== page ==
Mark paid for a pint of juice, and sat at a table near the man. He grimaced in pain, and shoved his soup away in frustration. He sipped juice through a straw, and noticed Mark. ( "What's up?" Mark asked with a smile. He could talk to anyone and felt sorry for the guy.
The man glared at him, then looked away. He grimaced again and tried to adjust his legs. Mark tried not to stare.
A man with a white shirt and tie appeared from nowhere with a tray of food and coffee, and sat at a table on the other side of the injured guy. He didn't appear to notice Mark. "Bad injury," he said with a large smile. "What happened?" "Car wreck" came the somewhat anguished reply. "Got hit by an Exxon truck. Nut ran a stop sign." The smile grew even larger and the food and coffee were ignored. "When did it happen?" "Three days ago." "Did you say Exxon truck?" The man was standing and moving quickly to the guy's table, pulling something out of his pocket. He took a chair and was suddenly sitting within inches of the casts.
"Yeah," the guy said warily.
The man handed him a white card. "My name's Gill Teal. I'm a lawyer, and I specialize in auto accidents, especially cases involving large trucks." Gill Teal said this very rapidly, as if he'd hooked a large fish and had to work quickly or it might get away. "That's my specialty. Big-truck cases. Eighteen wheelers. Dump trucks. Tankers. You name it, and I go after them." He thrust his hand across the table. "Name's Gill Teal." Luckily for the guy, his good arm was his right one, and he lamely slung it over the table to shake hands with this hustler. "Joe Farris." Gill pumped it furiously, and eagerly moved in for the kill. "What you got-two broke legs, concussion, coupla puncture wounds?" "And broken collarbone." "Great. Then we're looking at permanent disability. What type work you do?" Gill asked, rubbing his chin in careful analysis. The card was lying on the table, untouched by Joe. They were unaware of Mark.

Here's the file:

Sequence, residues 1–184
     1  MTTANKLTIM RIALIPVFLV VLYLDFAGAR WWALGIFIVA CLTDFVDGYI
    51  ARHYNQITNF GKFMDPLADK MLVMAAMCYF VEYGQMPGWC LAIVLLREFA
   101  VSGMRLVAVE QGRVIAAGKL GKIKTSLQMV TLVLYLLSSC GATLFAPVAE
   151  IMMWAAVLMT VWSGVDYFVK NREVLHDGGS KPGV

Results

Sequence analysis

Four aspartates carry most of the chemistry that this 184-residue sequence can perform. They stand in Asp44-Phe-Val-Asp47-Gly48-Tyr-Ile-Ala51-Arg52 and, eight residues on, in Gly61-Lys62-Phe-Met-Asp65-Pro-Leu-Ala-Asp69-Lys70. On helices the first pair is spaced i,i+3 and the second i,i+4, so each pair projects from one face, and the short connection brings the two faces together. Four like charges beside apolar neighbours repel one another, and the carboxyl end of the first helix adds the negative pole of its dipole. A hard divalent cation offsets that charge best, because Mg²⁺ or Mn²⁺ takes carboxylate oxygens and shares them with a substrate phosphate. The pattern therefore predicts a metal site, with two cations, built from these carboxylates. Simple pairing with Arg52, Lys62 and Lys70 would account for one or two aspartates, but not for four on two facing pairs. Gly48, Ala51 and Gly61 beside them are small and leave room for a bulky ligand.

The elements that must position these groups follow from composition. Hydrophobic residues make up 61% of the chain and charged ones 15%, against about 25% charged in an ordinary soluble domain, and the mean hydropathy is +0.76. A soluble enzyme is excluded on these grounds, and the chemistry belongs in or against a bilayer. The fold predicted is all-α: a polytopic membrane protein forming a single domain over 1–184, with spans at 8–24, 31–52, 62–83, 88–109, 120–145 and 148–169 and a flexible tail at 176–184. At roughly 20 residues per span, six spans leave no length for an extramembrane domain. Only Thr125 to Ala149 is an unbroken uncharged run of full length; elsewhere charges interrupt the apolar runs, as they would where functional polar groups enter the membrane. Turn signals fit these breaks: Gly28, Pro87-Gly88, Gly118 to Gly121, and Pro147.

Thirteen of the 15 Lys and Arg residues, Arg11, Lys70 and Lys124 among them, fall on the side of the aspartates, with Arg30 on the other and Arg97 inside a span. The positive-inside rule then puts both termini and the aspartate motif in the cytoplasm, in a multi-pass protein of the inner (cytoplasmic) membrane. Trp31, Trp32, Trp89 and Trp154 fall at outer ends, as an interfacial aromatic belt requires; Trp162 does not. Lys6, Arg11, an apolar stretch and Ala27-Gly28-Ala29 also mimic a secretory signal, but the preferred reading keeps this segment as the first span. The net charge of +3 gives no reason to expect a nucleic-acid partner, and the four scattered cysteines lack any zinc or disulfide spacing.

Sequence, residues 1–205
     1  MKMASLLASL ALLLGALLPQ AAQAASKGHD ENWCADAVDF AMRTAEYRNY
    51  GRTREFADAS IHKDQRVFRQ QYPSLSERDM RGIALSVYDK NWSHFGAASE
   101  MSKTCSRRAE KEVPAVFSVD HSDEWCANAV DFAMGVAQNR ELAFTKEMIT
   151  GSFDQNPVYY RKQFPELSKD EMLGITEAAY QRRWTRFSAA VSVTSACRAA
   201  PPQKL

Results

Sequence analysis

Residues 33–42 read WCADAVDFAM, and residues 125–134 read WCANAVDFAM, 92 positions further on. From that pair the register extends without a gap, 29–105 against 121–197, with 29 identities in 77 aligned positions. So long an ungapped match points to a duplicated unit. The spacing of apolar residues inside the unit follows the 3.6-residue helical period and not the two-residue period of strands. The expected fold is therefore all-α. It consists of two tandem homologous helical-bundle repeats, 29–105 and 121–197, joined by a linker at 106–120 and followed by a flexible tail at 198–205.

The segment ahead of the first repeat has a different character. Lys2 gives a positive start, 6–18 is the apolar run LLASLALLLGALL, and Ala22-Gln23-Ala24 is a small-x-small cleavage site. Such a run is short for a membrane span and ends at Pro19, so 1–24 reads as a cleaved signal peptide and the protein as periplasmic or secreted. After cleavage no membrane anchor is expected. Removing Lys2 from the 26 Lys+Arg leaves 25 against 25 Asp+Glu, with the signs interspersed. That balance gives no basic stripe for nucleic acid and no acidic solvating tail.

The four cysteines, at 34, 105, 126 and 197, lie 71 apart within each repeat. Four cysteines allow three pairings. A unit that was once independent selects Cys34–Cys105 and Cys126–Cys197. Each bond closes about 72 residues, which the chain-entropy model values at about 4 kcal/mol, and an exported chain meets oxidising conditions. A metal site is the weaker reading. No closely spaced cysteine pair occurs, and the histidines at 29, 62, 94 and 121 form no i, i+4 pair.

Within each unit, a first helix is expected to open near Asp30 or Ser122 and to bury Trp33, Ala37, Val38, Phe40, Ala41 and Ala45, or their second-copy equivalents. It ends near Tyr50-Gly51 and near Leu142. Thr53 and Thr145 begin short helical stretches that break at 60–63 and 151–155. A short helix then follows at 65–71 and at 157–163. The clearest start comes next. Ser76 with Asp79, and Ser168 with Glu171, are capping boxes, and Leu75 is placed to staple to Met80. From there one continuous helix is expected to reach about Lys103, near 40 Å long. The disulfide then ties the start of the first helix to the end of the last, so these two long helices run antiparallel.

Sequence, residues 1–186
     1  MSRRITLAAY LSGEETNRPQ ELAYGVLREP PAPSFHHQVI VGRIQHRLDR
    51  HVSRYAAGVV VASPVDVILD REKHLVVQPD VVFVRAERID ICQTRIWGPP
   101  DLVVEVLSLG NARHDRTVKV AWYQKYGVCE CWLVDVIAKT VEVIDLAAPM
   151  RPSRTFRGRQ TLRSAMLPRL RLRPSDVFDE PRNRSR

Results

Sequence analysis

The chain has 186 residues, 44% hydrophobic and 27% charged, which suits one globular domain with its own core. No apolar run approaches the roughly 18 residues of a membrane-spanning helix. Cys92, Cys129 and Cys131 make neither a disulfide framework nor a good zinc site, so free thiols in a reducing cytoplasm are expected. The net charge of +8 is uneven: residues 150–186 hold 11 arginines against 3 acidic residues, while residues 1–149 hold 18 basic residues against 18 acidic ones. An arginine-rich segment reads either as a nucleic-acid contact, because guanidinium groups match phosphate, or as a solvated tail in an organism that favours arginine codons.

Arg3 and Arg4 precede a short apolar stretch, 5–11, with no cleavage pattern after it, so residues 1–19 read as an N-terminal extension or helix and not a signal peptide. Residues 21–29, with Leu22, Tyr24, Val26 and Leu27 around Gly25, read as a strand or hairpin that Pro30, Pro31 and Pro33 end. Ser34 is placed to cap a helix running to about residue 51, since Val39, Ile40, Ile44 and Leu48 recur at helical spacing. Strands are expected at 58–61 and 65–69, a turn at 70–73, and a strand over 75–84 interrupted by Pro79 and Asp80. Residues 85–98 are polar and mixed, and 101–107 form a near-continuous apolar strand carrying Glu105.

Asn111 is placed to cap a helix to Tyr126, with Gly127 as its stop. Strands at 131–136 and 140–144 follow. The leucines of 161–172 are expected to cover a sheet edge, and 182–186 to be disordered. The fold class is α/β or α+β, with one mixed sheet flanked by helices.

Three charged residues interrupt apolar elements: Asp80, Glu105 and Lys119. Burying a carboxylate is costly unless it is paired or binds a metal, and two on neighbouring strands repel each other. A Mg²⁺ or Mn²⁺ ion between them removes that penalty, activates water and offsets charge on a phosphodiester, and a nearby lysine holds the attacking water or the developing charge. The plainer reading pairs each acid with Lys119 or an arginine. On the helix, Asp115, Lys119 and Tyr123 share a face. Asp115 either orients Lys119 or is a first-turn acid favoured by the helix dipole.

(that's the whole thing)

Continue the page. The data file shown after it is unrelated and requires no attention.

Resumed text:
"Crane operator." "Union?" "Yeah." "Wow. And the Exxon truck ran a stop sign. No doubt about who's at fault here?" Joe frowned and shifted again, and even Mark could tell he was rapidly tiring of Gill and this intrusion. He shook his head no.
Gill made frantic notes on a napkin, then smiled at Joe and announced, "I can get you at least six hundred thousand. I take only a third, and you walk away with four hundred thousand. Minimum. Four hundred grand, tax free, of course. We'll file suit tomorrow." Joe took this as if he'd heard it before. Gill hung in midair with his mouth open, proud of himself, full of confidence.
"I've talked to some other lawyers," Joe said.